That war – reading about World War 1

cover for Memoirs of a fox hunting manI recently sat down to make a list of recommended reads for World War 1. I was thinking of the novels and first hand accounts that I had read (and re read) and four really stood out for me.

My all time favourite would be J. L . Carr’s novella A month in the country. First published in 1980, it tells of two veterans who meet several years after wars end in a small Yorkshire village as they work as restorer and archaeologist at the village church. War is a haunting memory still affecting their lives even in a peaceful and idyllic countryside.

Somehow I stumbled over Robert Graves’ Goodbye to all that and I have read and reread this powerful account of the experiences of the front line in the Great War.

Memoirs of a fox hunting man by Siegfried Sassoon follows the life of a young man most interested in hunting and cricket who is caught up in the hysteria of the early war, before grim reality set in. His following two novels – Memoirs of an infantry officer and Sherston’s progress are autobiographical, charting disillusionment and loss as the war progresses.

Birdsong  by Sebastian Faulks is a modern novel which traces the impact of the war on a young man’s life. When it was published in 1993 I remember it being very popular in our libraries – largely due to an amazing word of mouth effect.

My list is very much a personal selection – other classics you might think of like Erich Maria Remarque’s All quiet on the Western Front is there as well as that New Zealand tale of the sufferings of conscientious objectors – Archibald Baxter’s We will not cease. I have popped in some good histories and poetry selections as well as War horse by Michael Morpurgo.

Do you have a World War 1 novel, poem or history that you would recommend?

A busker with a banjo entertaining in Cathedral Square, Christchurch: Picturing Canterbury

busker
A busker with a banjo entertaining in Cathedral Square, Christchurch [1927] Christchurch City Libraries, File Reference CCL PhotoCD 3, IMG0060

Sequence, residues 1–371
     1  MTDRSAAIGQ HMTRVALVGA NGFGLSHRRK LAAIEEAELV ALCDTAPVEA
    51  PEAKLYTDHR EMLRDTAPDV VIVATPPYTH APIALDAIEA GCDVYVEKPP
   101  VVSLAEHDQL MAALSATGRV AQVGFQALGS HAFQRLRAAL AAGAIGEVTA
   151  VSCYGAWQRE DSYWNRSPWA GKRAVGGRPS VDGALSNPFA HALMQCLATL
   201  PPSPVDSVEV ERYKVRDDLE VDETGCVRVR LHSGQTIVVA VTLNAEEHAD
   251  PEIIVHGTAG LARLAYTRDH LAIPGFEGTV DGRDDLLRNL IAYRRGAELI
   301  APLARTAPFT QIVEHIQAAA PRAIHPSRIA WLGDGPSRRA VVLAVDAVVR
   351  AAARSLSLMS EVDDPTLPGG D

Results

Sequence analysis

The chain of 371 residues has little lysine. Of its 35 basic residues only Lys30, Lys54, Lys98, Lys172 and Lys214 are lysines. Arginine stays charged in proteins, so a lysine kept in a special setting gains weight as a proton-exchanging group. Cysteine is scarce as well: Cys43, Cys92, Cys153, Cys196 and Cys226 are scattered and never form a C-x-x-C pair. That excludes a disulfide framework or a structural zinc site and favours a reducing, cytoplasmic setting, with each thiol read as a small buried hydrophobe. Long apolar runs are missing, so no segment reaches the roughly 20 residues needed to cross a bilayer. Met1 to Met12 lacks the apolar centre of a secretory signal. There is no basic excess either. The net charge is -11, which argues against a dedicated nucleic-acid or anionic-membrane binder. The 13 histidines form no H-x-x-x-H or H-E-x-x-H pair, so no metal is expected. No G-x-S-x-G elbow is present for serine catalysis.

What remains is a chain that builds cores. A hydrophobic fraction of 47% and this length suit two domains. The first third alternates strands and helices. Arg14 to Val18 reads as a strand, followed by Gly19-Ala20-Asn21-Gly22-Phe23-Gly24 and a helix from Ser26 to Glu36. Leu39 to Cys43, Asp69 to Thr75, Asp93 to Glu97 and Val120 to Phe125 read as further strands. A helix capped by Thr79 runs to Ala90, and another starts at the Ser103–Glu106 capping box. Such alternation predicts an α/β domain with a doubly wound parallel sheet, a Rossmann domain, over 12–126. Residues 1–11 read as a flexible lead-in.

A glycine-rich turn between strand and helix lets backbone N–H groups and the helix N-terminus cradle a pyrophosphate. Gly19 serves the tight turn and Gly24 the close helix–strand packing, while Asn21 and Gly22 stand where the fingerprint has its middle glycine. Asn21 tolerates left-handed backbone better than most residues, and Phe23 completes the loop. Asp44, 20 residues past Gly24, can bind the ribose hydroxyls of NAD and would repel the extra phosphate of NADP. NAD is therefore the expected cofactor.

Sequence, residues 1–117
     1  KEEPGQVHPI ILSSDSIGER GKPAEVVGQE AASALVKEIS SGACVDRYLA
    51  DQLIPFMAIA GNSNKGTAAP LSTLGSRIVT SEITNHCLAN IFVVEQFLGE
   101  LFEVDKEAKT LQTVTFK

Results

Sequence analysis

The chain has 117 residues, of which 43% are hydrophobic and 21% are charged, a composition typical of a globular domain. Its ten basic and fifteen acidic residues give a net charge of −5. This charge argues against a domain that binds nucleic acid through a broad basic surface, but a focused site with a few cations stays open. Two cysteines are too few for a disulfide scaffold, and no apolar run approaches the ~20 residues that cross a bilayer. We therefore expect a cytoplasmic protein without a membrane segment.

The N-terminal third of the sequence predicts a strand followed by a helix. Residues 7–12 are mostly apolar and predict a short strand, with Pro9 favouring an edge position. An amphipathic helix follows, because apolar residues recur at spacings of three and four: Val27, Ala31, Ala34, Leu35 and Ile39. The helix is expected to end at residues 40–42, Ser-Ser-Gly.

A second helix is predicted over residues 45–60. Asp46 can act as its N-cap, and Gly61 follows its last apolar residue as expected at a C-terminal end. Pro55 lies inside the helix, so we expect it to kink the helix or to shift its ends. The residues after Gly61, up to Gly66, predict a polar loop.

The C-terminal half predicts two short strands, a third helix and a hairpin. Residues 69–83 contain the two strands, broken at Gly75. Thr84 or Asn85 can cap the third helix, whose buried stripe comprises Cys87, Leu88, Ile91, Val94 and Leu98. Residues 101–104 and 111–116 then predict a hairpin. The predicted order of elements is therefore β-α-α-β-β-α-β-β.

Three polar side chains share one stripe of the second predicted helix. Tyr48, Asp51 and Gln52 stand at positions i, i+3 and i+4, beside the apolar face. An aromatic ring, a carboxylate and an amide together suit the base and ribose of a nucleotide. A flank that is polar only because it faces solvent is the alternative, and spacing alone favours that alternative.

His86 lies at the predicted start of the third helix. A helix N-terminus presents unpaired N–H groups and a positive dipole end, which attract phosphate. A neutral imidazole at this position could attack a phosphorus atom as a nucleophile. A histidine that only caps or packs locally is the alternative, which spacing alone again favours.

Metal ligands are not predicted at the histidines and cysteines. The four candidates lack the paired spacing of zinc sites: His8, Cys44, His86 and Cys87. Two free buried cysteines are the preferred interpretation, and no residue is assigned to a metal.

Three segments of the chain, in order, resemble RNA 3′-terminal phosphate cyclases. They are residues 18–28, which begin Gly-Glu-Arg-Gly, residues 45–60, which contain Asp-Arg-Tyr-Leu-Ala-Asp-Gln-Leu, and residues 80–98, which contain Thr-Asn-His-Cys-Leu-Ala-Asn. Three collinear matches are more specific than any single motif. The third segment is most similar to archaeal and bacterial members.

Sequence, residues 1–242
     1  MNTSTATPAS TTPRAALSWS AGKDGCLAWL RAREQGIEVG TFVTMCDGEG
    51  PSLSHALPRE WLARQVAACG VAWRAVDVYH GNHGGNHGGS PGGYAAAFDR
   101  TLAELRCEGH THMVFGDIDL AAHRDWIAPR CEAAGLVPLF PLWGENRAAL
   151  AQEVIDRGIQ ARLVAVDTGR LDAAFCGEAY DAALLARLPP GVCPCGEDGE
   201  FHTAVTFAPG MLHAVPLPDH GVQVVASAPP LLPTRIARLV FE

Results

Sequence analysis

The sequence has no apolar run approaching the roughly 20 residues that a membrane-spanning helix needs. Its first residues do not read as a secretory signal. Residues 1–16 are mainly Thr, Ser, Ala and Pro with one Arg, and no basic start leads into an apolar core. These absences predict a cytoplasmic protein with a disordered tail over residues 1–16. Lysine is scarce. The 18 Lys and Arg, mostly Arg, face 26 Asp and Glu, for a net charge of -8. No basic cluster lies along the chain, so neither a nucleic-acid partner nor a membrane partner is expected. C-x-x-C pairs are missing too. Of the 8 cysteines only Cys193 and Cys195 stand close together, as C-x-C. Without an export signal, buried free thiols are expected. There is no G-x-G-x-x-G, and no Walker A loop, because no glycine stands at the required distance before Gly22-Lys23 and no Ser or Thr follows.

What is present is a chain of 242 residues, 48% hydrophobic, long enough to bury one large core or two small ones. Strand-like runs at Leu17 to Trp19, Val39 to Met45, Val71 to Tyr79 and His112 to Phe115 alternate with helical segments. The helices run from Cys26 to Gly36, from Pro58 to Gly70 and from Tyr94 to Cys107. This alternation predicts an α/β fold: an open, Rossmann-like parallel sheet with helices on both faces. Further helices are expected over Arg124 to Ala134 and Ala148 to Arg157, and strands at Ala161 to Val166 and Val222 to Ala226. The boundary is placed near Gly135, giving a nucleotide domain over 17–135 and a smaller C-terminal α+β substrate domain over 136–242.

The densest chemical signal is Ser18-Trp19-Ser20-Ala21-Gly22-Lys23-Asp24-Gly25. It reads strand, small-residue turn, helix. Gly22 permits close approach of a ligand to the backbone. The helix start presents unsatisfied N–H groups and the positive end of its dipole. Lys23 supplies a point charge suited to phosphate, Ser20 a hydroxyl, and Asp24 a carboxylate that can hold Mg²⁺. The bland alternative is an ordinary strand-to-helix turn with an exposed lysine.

Anzac weekend eBooks

We’ve got a lovely selection of New Zealand eBooks for Anzac weekend reading:

9780730443315 9780730445630 9781741159684 9781775590064
9780473215224 9780473219901 9780473221751 9780987666574
9781869406455 9781877437113 9781877568534  9781927147344

Freegal: Anzac Day edition

Christchurch music lovers – every week get your Freegal on and download your three free music MP3s.

This week the theme is Anzac Day.

album coverAnzac3

album coverAnzac4

Anzac Day 2014

Friday 25 April 2014 is Anzac Day. Christchurch is currently celebrating Anzac Day with a Dawn Service in Cranmer Square (where a temporary cenotaph is erected) and a Citizens Service at the ChristChurch Transitional Cathedral in Latimer Square. The details for each service are available on the Christchurch City Council website. For the locations and times of other commemorations around Christchurch details can be found on the RSA website.

Each year many wreaths and bouquets from the Dawn Service end up at the statue of Sgt Henry James Nicholas V.C. M.M., northwest of the Bridge of Remembrance on Cambridge Terrace.

Wreaths by statue of Sergeant Henry Nicholas

Sergeant Henry NicholasHenry Nicholas was the first soldier from the Canterbury Regiment to be awarded the Victoria Cross. He died in action on 23 October 1918 aged 26. He was awarded the Military Medal posthumously for his bravery during the fight for the bridgeheads at the River Ecaillon near the village of Beaudignies on 23 October 1918, 12 days before the New Zealanders’ capture of the town of Le Quesnoy.

All of our libraries are closed on Anzac Day.